Why do we need costly Goethe Institutes? The argument often cited is that their cultural work promotes international understanding and peace. But statements like these make Navid Kermani "slightly worried." "Art should not be funded because it promotes peace. Art should be funded for its quality and lasting effect, not according to political criteria and media-friendliness." But costs could be cut, Kermani says, if cultural institutes were set up along European rather than national lines. "There are immensely polymorphic and multilingual European cultures which must form themselves institutionally soon. The unity in variety that would then be practised in European cultural centres world-wide would not only correspond with the claims and ideals of enlightenment, it would also demonstrate more convincingly the possibility of intercultural understanding than any conference or manifesto."


Die Tageszeitung, 01.06.2006


Sometimes day-to-day life is much more effective than "the wearying discussion about integration," writes the author Zafer Senocak. "The Turks have had a major hand in changing Germany, both from a culinary and an artistic point of view. In cooking, literature and film, a strong Turkish breeze is blowing. And it's more than just an ethnic, folkloristic colouring. Increasingly, it is leading to a change in tastes, perhaps even a broadening of tastes. And of course the garbage-separating, environmentally conscious, pacifist and peaceful Germany is also changing the Turks. The German post-war experience, the debates about German history with their self-critical but also cathartic moments are not lost on the Turks."

"Integration should not mean fitting in, but enrichment," claims the writer Ilija Trojanov. "If you take a sober look at the 'foreign infiltration trend' in Germany today, you see that the dominant factor isn't how the mosques are reshaping the skyline, but how the ever-popular culinary multiculturalism in the form of pizzas, burgers and gyros is giving German restaurants a serious run for their money. And if you look at the language, you'll see that Anatolia hardly poses a threat at all. The fez-topped pashas have only been able to smuggle kadi and kaffee into German, while the Yankees and Brits have flooded the language with their words. Who's infiltrating whom, and who's defending themselves against what? The fronts are not drawn nearly as clearly as many a leading article would have us think."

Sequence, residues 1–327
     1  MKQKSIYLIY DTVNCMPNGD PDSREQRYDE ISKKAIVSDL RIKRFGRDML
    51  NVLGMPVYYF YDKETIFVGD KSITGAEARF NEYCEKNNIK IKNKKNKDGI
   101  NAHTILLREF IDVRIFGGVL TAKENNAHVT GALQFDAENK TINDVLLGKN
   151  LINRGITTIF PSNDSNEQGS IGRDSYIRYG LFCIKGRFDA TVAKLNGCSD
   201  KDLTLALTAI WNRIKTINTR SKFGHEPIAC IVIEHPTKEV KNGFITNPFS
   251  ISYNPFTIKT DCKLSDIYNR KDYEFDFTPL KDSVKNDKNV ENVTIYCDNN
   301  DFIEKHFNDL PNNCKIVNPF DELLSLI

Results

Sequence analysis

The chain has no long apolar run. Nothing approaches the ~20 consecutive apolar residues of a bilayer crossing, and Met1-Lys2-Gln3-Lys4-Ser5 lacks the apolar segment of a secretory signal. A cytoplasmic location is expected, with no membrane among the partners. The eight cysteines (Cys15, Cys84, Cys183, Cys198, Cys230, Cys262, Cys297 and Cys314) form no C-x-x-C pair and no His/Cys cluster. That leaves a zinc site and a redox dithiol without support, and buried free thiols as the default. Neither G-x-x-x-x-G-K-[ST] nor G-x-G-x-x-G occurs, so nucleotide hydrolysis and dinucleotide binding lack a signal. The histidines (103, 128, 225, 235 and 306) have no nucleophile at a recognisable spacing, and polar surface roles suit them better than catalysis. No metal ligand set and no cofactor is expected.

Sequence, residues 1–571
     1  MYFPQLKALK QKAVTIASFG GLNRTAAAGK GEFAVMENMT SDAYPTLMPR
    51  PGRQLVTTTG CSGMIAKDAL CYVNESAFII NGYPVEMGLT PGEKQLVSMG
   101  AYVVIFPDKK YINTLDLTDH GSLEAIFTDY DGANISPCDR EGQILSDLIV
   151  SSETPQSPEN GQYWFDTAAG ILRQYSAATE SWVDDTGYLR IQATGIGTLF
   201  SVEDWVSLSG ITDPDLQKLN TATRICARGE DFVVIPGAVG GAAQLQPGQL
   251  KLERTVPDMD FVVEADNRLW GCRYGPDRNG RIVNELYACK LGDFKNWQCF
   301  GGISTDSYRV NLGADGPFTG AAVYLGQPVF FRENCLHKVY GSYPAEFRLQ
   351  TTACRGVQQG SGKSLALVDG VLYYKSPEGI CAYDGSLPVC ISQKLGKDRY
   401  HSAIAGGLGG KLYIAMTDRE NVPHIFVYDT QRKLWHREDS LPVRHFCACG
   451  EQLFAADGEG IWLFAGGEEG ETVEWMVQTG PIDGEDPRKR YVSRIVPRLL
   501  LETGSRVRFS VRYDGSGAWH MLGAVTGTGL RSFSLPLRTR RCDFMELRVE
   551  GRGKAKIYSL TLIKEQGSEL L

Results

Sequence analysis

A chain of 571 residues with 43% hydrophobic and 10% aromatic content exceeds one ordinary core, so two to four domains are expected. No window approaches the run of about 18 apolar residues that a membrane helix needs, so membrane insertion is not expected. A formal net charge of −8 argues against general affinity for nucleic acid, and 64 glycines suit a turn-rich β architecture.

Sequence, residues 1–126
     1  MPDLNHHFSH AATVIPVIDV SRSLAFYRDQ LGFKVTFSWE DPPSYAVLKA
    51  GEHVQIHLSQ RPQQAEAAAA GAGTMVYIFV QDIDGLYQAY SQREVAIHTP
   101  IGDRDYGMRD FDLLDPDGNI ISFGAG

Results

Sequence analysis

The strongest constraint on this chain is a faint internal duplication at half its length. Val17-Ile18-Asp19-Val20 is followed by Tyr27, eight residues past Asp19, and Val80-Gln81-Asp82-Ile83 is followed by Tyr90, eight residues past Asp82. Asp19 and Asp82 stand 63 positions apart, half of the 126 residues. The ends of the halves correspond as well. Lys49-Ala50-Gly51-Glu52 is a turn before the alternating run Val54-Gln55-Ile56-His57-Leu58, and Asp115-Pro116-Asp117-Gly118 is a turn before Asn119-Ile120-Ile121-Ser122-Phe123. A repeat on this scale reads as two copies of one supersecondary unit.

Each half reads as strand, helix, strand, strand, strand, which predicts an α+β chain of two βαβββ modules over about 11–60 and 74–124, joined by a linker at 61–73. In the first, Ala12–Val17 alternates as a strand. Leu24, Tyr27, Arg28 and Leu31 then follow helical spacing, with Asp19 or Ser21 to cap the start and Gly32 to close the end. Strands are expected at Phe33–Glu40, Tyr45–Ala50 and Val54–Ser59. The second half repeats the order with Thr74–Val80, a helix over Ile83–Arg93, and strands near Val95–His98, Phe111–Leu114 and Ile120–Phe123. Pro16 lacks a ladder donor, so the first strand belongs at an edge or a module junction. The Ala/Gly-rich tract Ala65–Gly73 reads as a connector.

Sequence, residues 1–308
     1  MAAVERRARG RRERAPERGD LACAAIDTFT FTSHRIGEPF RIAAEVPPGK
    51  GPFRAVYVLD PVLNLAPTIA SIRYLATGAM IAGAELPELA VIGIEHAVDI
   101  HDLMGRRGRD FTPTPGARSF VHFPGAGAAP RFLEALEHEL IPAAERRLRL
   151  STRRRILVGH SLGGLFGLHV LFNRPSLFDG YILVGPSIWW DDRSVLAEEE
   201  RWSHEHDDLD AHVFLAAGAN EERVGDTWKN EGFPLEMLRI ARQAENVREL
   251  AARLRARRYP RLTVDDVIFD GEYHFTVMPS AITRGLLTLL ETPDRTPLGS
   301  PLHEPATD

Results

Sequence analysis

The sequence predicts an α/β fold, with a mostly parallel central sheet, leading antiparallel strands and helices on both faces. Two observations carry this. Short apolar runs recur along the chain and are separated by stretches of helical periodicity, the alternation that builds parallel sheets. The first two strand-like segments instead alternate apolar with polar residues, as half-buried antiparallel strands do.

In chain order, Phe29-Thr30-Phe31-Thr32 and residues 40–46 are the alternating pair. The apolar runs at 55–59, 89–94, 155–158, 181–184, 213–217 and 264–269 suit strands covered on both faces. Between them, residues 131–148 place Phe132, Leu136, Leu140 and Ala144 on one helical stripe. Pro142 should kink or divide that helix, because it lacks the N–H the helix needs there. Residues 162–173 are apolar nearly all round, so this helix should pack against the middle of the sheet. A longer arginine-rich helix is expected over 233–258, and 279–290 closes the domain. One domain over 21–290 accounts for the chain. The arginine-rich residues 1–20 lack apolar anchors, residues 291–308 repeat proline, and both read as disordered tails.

See our feature "The collector of worlds" on Ilija Trojanov's most recent book.


Die Welt, 01.06.2006

For medieval historian Francisco Garcia Fitz, the much celebrated tolerance in Islamic Spain is a multicultural myth: "Undisputedly, the cultures did draw from each other and have peaceful trade relations. But this relationship was never based on equality or acceptance. "Christians and Jews, for example, were denied leading positions in the army and the administration. They had to pay specific taxes – individual and property taxes – that were much more onerous than those paid by Muslims. Add to that all kinds of belittling disparagements and snubs. For instance Christians and Jews were forbidden from practicing their religion in public by ringing bells or holding processions, or by building new churches or synagogues. And it was strictly forbidden to express their religious views in public."